Even though the landscape around the bird-lure traps had a high density of mouse-lure traps, most (68%) of the snakes that were captured in bird-lure traps were not recaptured in either bird- or mouse-lure traps. Mouse-lure traps, however, captured more snakes per unit effort than bird-lure traps, a finding documented in another study at the GNWR (Klug et al. 2015). Mice may produce a generally more attractive or stronger odor plume than birds (Rodda et al. 1999). Alternatively, the strong edge effect on trap capture success combined with the fact that bird-lure traps were always deployed in the grid interior may have partially driven the different capture success documented in this study. Additionally, snakes that entered bird-lure traps tended to be larger and in better body condition. Quail (150–180 g) are much larger than mice (20–40 g) and if brown treesnake size partially drives prey preference (Savidge 1988), then quail may be attractive to slightly larger snakes. Overall, large snakes are less common on Guam except in urban locations (Savidge 1991; Siers et al. 2017) and thus there may be few snakes on GNWR that are large enough to be attracted to quail.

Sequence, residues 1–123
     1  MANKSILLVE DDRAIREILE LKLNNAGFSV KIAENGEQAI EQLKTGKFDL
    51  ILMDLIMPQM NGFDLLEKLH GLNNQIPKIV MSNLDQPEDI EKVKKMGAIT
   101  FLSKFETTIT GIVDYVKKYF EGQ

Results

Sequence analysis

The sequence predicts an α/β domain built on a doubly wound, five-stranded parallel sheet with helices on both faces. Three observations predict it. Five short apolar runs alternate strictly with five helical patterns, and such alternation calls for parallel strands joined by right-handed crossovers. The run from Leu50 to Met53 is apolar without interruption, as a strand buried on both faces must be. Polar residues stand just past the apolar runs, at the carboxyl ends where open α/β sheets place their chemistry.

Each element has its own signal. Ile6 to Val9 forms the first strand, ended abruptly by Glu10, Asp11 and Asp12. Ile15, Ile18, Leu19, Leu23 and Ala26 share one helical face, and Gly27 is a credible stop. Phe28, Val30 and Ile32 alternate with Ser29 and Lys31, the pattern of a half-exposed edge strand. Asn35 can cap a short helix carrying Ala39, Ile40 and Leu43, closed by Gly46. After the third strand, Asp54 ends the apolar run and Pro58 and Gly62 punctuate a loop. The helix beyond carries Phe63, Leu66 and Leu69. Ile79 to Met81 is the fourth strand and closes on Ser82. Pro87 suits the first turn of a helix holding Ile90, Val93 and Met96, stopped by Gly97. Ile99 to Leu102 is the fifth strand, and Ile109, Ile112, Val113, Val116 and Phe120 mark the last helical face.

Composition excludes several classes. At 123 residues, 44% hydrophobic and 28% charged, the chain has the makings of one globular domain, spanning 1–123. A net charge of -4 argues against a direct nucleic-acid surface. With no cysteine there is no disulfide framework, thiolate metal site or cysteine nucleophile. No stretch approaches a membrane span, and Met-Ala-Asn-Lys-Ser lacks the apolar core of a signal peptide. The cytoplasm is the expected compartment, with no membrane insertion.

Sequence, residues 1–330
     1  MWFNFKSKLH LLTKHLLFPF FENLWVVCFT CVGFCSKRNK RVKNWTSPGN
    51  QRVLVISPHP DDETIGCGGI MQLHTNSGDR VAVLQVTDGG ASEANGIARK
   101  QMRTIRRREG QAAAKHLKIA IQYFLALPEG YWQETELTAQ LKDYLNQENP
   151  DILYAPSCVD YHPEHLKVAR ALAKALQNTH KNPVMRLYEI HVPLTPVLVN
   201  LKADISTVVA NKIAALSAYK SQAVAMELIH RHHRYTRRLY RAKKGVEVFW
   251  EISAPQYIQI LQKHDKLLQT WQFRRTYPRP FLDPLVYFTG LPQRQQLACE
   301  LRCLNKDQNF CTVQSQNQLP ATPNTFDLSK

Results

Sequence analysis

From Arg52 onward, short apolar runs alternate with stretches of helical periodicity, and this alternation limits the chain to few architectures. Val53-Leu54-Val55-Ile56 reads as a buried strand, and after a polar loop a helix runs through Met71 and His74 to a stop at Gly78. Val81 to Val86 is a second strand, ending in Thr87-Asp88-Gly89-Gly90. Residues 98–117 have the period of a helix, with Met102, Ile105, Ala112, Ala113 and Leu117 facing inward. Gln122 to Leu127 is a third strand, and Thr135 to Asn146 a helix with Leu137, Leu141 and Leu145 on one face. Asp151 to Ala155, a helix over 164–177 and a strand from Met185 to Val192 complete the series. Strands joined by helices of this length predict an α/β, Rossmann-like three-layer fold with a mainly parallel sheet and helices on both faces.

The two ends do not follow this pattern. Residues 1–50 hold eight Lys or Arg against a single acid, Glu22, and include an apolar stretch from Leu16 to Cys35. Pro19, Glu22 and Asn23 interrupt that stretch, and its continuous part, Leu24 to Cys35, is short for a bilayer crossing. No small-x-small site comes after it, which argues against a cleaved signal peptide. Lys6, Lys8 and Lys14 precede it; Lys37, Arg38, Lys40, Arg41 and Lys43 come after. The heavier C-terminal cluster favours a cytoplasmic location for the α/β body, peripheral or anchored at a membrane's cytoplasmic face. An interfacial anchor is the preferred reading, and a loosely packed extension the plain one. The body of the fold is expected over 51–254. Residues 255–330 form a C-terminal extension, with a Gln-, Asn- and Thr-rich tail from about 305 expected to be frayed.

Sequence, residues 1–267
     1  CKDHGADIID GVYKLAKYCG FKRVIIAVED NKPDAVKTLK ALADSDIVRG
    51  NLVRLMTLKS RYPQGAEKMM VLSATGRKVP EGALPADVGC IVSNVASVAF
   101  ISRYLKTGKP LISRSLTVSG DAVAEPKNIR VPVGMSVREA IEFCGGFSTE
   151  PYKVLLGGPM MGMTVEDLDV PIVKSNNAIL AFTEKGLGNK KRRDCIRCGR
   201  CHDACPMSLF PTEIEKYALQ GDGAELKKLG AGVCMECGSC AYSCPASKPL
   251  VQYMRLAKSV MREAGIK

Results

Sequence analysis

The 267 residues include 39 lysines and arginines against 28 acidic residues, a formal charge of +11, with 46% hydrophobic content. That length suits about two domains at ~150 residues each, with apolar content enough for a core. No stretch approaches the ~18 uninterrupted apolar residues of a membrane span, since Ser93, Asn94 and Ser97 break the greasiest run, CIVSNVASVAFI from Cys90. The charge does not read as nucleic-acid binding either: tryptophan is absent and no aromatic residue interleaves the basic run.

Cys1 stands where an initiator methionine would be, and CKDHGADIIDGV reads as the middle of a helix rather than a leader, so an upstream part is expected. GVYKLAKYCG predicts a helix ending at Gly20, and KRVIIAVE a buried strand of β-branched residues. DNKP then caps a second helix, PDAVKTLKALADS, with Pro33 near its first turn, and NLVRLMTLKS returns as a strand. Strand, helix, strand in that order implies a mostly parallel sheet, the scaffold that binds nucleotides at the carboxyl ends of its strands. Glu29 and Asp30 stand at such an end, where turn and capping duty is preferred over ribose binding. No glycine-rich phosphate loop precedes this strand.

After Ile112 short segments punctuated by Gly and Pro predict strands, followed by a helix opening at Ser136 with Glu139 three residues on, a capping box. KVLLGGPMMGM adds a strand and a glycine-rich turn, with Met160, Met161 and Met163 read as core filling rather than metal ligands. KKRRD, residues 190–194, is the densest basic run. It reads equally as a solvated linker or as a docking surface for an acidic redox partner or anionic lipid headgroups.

While quail may be too large for many snakes, mice should still be of interest to larger snakes, as rodents are an important component of the diet of snakes >800 mm SVL on Guam (Savidge 1988; Siers 2015). Despite this, only 20% of all snakes captured in bird-lure traps were ever captured in stationary mouse-lure traps, despite the abundance of nearby mouse-lure traps in Phases II and III. The recapture rate for brown treesnakes captured in a bird-lure trap was 32% overall, which suggests that these snakes did not fully avoid traps. Whether a morphological- or individual-based preference, our observation that some snakes were willing to enter a trap with a bird but not a mouse lure provides limited evidence that snakes may vary in their dietary preferences. Many animals have been documented to specialize on a small subset of the dietary breadth of their species (Bolnick et al. 2002a, 2002b). We do not think that the stationary nature of mouse-lure traps combined with the weekly shifting of bird-lure locations is problematic for our interpretations because we maintained both spatial and temporal balance of traps and lure types throughout our study period.